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Hot Tuna

From the science labs of a Japanese university comes a farmed bluefin that might save the planet (or, at least, an ecominded piscivore’s conscience).

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Farmed bluefin fetches $60 a pound at Agata & Valentina.  

On a recent Wednesday afternoon, all scrubbing, peeling, and chopping in the bustling basement of the Modern restaurant came to an abrupt halt as cooks and captains crowded around a very large fish on a long metal table and started feverishly snapping away with their camera phones. It’s not every day, after all, that a 180-pound bluefin tuna, chauffeured straight from customs at JFK, appears in their workaday midst.

The most striking aspect of this particular specimen wasn’t its size but its provenance. The kindai tuna, as it’s called, is the product of an aquaculture program launched in 1948 at what would become Japan’s Kinki University as a means of creating viable protein in a world where a growing population would soon deplete wild stocks. At the time, no one knew that fringe benefits like a relatively low mercury count and environmental impact would become such tremendous selling points.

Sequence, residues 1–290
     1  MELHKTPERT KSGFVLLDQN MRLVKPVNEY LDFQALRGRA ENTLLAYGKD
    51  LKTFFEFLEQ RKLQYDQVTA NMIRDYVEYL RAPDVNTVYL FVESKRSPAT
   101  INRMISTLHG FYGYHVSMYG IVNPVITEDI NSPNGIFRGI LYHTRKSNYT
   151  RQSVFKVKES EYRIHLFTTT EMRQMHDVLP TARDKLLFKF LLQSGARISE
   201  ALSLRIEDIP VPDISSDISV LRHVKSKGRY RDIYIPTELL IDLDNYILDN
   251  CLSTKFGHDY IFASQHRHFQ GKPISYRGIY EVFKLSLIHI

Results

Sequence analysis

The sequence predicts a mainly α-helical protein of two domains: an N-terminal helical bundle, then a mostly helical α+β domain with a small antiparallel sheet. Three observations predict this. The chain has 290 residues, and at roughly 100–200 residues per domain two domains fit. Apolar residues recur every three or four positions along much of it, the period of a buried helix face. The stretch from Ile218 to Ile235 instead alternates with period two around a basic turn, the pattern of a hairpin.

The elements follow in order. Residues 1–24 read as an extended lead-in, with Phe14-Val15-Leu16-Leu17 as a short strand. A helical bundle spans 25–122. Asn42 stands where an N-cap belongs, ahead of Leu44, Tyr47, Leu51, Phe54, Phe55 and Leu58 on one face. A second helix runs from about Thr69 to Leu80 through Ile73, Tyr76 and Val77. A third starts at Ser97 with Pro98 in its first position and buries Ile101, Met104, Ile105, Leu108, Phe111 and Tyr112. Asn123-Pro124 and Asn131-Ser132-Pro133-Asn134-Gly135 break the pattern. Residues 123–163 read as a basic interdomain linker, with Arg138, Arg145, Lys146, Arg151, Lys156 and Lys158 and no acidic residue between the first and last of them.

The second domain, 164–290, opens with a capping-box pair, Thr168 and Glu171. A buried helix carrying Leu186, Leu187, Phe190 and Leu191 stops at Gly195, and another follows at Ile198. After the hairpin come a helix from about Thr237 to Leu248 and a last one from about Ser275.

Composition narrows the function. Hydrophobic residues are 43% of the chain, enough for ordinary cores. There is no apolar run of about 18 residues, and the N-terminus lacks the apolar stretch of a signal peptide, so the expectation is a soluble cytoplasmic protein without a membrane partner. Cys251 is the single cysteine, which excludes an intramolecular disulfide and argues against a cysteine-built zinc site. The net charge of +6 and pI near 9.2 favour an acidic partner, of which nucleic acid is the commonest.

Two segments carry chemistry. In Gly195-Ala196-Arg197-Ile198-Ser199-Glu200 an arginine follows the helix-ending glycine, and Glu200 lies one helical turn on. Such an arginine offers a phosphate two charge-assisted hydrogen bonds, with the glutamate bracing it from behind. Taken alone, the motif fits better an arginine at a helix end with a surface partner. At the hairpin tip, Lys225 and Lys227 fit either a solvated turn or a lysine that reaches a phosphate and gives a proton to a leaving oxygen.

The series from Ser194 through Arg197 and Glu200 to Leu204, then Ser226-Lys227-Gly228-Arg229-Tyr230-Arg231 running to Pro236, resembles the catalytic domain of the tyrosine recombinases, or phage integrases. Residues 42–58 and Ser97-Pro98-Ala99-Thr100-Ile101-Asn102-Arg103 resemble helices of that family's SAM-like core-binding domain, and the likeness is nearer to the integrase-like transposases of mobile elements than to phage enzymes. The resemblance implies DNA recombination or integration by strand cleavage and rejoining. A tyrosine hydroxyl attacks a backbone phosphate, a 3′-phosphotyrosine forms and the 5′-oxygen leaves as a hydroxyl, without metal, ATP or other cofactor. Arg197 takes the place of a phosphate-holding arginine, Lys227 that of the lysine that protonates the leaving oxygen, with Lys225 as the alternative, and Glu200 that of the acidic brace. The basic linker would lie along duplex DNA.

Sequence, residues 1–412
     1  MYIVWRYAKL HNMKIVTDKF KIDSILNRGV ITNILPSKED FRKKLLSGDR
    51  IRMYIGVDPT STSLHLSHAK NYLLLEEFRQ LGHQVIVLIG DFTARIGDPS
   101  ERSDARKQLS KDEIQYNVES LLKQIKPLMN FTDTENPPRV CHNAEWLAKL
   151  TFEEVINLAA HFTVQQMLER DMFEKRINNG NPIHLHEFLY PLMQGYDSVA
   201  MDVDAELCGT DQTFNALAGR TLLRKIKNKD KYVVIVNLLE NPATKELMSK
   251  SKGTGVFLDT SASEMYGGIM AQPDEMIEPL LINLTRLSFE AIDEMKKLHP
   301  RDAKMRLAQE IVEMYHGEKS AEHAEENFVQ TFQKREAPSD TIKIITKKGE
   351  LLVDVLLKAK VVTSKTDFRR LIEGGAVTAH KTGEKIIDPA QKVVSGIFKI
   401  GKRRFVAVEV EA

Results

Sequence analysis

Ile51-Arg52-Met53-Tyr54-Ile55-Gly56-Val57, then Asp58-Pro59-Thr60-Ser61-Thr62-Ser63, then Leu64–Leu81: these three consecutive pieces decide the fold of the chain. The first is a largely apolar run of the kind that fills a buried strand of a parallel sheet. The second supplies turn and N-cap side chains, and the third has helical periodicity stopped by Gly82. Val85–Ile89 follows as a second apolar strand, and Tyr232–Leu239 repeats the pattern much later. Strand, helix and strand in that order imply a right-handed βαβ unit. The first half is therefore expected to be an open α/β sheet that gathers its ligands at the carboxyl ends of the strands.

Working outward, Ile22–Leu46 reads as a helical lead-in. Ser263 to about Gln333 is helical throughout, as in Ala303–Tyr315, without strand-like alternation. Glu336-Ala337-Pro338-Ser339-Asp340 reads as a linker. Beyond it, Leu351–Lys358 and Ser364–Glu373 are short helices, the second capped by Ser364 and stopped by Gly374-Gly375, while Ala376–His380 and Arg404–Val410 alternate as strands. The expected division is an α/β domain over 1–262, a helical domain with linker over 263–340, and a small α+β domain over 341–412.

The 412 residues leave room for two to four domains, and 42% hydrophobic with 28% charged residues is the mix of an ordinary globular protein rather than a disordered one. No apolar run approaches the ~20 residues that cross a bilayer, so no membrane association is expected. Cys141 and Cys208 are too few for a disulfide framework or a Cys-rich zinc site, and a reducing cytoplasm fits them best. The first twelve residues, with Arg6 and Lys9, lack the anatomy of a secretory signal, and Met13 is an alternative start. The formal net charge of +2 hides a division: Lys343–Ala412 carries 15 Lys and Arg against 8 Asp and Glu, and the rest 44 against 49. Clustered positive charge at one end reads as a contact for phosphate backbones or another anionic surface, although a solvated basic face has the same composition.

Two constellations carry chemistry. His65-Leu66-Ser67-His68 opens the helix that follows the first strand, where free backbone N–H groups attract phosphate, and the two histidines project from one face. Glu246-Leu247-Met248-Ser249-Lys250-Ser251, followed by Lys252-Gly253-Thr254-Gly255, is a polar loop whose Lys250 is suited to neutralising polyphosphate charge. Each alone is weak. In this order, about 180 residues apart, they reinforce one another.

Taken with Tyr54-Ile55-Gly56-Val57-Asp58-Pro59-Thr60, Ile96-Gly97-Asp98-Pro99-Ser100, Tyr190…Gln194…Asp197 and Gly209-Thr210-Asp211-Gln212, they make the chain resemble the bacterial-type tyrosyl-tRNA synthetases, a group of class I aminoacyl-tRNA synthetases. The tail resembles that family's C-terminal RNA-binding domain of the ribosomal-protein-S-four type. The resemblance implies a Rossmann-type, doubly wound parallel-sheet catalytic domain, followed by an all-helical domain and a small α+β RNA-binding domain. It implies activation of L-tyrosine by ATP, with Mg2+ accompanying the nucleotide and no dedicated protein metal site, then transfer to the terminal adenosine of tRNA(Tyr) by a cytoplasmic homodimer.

Of the five fish flown to America weekly from Japan, one goes to Megu, which, through its Kinki connections, was the first local restaurant to debut kindai, last fall. Three go to the West Coast. And the last one, the one shimmering under the Modern’s fluorescent lights, is imported by Andrea Angera of Connecticut’s Litchfield Farms Organic & Natural, a meat and seafood distributor focused on sustainability, and divvied up among a handful of high-end restaurant and retail clients, Per Se and Le Bernardin among them.

Angera, who has scheduled this special kindai appearance to demonstrate tuna-cutting technique, believes the university’s marketing group chose him to wholesale the fish for one reason: He’s mastered the “sustainability story,” that comforting bit of narrative that assures consumers (and chefs) they’re doing their part for the planet. Kinki even provides physical proof in the form of a “certificate of origin” that accompanies each fish like a résumé, documenting place of incubation, date of transfer from hatchery to open-water pen, water density—even its specific diet.

Ultimately, though, what matters most to cooks like Sandro Romano, chef de cuisine of the Modern, is the taste. He compares the kindai’s rich, oceanic flavor to East Coast oysters, and doubts he could tell the difference between a kindai and a very rare, very expensive (and very politically incorrect) bluefin taken from the open seas. “For me,” he says, “this is wild fish.”


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